WASHINGTON, DC: New legislation has been proposed by a US Senator that would allow newspapers to adopt not-for-profit status, a move that would make advertising and subscription revenues tax exempt and place them on a similar footing to public service broadcasters.
Newspaper ad revenues have been declining rapidly in the US, and the medium is expected to be one of the major "losers" of the current industry downturn.
The new bill, proposed by Democratic Senator Ben Cardin, would recategorise newspapers as fulfilling an educational remit, meaning they would be required to be politically impartial, but could still cover all political campaigns and issues.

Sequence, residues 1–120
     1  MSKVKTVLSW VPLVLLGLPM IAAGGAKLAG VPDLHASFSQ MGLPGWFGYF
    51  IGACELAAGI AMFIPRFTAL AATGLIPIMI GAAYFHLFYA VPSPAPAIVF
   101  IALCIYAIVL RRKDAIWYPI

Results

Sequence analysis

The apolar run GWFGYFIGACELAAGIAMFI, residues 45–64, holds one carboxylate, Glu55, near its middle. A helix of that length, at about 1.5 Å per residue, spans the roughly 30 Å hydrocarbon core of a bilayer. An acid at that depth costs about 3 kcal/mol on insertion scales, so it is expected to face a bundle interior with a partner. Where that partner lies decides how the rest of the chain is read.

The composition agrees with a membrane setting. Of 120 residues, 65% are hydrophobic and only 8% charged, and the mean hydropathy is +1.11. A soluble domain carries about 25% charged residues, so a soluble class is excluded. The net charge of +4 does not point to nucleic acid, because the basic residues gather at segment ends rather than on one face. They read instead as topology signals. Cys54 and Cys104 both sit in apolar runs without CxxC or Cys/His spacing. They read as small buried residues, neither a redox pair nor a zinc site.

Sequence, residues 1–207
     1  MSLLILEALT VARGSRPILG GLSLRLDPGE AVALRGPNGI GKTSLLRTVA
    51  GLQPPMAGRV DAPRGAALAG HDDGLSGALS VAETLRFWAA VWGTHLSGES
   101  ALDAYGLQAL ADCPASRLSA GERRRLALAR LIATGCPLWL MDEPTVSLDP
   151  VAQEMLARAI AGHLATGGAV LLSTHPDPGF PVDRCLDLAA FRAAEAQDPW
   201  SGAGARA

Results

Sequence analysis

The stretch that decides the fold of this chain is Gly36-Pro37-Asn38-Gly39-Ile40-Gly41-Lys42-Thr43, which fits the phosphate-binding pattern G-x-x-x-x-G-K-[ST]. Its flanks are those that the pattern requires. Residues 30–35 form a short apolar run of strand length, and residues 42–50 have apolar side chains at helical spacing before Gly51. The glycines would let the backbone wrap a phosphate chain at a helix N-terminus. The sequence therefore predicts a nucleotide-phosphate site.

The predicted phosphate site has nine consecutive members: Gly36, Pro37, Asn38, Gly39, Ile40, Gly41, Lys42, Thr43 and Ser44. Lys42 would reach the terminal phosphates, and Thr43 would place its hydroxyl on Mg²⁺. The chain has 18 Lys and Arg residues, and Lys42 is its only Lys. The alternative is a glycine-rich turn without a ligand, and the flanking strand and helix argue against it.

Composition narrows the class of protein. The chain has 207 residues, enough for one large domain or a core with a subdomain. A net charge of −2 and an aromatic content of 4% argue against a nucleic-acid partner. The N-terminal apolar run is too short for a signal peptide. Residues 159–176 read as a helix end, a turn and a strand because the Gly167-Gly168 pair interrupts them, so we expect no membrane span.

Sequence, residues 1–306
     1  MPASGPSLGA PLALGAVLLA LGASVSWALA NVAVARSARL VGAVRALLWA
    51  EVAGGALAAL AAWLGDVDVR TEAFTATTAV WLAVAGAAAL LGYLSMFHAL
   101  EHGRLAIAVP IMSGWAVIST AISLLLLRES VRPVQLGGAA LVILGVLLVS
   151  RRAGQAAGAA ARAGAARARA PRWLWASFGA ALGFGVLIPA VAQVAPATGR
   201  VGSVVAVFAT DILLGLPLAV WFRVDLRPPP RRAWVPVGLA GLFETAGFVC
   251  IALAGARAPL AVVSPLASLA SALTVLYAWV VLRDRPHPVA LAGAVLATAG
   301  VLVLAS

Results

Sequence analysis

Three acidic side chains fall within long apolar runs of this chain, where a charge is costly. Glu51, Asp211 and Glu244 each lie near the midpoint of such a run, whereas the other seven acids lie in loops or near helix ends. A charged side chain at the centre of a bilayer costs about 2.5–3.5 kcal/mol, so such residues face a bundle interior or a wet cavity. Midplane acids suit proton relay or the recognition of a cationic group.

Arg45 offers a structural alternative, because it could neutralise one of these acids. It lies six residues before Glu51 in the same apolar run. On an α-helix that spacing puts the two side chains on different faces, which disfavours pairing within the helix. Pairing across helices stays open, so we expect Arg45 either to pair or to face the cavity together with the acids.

However, any voluntary contributions paid in support of newspapers would then also be tax deductible.
Cardin said the current economic climate had "caused an immediate problem" for print titles, but that the "business model for newspapers, based on circulation and advertising revenue, is broken."
He argued that taking not-for-profit status wouldn't be "the optimal choice for some major newspapers or corporate media chains," but "should be an option for many newspapers that are struggling to stay afloat."
Among the titles that could benefit from such status are the Los Angeles Times and Chicago Tribune, which are owned by the Tribune Company, which filed for bankruptcy protection in late 2008.
Data sourced from Wall Street Journal; additional content by WARC staff